radical

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rad·i·cal / ˈradikəl/ • adj. 1. (esp. of change or action) relating to or affecting the fundamental nature of something; far-reaching or thorough: a radical overhaul of the existing regulatory framework. ∎  forming an inherent or fundamental part of the nature of someone or something: the assumption of radical differences between the mental attributes of literate and nonliterate peoples. ∎  (of surgery or medical treatment) thorough and intended to be completely curative. ∎  characterized by departure from tradition; innovative or progressive: a radical approach to electoral reform.2. advocating thorough or complete political or social reform; representing or supporting an extreme section of a political party: a radical American activist. ∎  (of a measure or policy) following or based on such principles.3. of or relating to the root of something, in particular: ∎  Math. of the root of a number or quantity. ∎  denoting or relating to the roots of a word. ∎  denoting the semantic or functional class of a Chinese character. ∎  Mus. belonging to the root of a chord. ∎  Bot. of, or springing direct from, the root or stem base of a plant.4. [usu. as interj.] inf. very good; excellent: Okay, then. Seven o'clock. Radical!• n. 1. a person who advocates thorough or complete political or social reform; a member of a political party or part of a party pursuing such aims.2. Chem. a group of atoms behaving as a unit in a number of compounds. See also free radical.3. the root or base form of a word. ∎  any of the basic set of 214 Chinese characters constituting semantically or functionally significant elements in the composition of other characters and used as a means of classifying characters in dictionaries.4. Math. a quantity forming or expressed as the root of another. ∎  a radical sign.DERIVATIVES: rad·i·cal·ism / -ˌlizəm/ n. (in sense 1 of the noun ).rad·i·cal·ly / -ik(ə)lē/ adv. a radically different approach.rad·i·cal·ness n.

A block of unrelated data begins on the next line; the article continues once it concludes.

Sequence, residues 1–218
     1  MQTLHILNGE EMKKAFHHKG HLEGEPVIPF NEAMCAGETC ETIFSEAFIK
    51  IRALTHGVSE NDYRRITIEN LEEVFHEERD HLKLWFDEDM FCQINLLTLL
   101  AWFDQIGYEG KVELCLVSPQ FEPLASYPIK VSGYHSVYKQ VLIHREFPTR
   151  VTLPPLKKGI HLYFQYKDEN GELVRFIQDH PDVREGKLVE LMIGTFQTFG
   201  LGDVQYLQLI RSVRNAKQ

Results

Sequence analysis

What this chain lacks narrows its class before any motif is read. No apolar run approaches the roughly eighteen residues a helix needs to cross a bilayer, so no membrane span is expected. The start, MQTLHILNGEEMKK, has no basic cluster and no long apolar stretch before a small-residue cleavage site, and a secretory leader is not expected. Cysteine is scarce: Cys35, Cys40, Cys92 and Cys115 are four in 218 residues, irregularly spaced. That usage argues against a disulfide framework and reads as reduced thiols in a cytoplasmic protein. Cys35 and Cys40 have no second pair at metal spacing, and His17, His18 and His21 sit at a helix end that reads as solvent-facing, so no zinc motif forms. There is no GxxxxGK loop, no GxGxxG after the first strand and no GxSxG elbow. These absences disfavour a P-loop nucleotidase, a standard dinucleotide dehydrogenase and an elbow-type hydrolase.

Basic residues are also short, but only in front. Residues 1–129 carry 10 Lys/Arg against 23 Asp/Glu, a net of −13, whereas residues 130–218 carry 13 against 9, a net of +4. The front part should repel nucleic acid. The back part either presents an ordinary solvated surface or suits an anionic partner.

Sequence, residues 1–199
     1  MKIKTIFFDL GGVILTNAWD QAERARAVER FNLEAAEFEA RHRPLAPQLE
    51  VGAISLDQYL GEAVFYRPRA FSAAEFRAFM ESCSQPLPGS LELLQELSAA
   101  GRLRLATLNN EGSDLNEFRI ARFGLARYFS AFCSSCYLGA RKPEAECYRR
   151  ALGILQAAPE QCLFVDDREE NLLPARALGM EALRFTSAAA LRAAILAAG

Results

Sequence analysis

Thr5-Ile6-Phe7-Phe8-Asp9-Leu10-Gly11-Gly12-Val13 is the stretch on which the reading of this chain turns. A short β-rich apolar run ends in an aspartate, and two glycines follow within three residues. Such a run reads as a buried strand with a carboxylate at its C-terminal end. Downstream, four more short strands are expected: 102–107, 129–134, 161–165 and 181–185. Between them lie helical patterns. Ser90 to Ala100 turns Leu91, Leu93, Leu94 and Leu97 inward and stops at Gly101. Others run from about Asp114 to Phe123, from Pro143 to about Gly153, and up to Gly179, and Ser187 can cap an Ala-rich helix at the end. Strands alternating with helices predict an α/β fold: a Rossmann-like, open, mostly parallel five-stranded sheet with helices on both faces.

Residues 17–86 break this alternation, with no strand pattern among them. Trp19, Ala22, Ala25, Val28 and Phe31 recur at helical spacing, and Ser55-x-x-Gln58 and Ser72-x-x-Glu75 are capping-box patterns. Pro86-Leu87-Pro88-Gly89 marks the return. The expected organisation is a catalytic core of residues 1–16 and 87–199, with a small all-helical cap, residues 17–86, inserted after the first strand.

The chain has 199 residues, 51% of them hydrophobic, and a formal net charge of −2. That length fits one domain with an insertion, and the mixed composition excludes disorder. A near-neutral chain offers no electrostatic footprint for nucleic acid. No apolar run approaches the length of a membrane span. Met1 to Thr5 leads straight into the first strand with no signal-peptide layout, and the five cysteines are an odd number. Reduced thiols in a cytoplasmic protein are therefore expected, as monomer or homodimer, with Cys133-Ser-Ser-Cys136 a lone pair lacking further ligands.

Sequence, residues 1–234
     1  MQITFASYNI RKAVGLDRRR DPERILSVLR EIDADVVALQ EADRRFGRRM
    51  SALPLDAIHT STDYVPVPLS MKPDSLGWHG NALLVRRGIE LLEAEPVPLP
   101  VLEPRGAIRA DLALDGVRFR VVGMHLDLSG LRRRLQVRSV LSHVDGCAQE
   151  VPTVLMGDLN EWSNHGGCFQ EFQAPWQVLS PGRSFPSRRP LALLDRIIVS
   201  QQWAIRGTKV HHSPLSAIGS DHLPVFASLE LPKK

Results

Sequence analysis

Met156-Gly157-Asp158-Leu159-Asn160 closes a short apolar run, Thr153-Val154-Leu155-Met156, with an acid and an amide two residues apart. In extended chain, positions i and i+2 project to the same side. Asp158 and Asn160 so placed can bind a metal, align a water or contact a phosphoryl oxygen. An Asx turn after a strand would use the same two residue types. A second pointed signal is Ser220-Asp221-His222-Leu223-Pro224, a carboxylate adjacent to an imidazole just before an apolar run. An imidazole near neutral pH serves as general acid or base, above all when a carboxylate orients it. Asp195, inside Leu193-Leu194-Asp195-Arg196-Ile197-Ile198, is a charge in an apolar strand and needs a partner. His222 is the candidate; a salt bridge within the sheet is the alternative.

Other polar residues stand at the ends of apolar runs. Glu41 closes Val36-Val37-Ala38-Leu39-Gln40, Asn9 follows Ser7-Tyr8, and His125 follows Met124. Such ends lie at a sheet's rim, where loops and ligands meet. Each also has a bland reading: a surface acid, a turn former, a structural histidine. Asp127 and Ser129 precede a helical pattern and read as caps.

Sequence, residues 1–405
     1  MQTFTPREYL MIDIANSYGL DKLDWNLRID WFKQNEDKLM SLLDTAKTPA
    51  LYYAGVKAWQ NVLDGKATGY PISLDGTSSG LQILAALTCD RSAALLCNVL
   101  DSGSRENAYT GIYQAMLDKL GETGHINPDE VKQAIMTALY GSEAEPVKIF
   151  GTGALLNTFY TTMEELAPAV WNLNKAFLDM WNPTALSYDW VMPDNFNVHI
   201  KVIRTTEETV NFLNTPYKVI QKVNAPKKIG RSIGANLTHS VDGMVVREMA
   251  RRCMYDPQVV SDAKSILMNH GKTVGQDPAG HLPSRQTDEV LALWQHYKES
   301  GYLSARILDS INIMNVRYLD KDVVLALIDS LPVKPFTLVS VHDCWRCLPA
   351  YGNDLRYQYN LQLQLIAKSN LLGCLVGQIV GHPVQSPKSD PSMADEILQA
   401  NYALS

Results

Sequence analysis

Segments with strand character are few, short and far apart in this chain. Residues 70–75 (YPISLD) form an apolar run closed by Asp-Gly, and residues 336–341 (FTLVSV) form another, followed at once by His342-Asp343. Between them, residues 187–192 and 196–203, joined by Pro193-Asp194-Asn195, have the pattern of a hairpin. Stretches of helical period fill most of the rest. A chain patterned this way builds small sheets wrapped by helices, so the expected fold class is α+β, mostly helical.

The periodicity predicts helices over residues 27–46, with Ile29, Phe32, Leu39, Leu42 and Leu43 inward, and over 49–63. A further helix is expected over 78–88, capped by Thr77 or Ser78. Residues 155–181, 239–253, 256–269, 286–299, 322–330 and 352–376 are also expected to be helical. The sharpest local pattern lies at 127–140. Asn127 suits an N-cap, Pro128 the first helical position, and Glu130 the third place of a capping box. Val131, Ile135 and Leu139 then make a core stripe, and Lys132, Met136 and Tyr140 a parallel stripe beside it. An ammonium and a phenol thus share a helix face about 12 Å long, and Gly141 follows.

radical

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radical advocating thorough or complete political or social reform; representing or supporting an extreme or progressive section of a political party; the word in this sense is first recorded in Shelley' Oedipus Tyrannus (1820), ‘Kings and laurelled Emperors, Radical butchers’. In a letter of 1832, John Stuart Mill refers to, ‘Several friends of mine, radical-utilitarians of a better than the ordinary sort.’

Radical is recorded from late Middle English (in the senses ‘forming the root’ and ‘inherent’), and comes ultimately from Latin radix, radic- ‘root’.
radical chic a fashionable affectation of radical left-wing views or an associated style of dress or life; term coined by the American writer Tom Wolfe (1931– ).

radical

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radical pert. to the moisture inherent in animals and plants XIV; (math., philol., etc.) pert. to a root or radix; inherent, fundamental XVI; going to the root or origin, thorough XVII (r. reform XVIII); sb. radical element XVII; advocate of ‘radical reform’ XIX. — late L. rādīcālis, f. L. rādīx, rādīc- root; see -AL1.
Hence radicalism XIX.

radical

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radical Applied to a leaf that arises from a rhizome or from the base of a stem.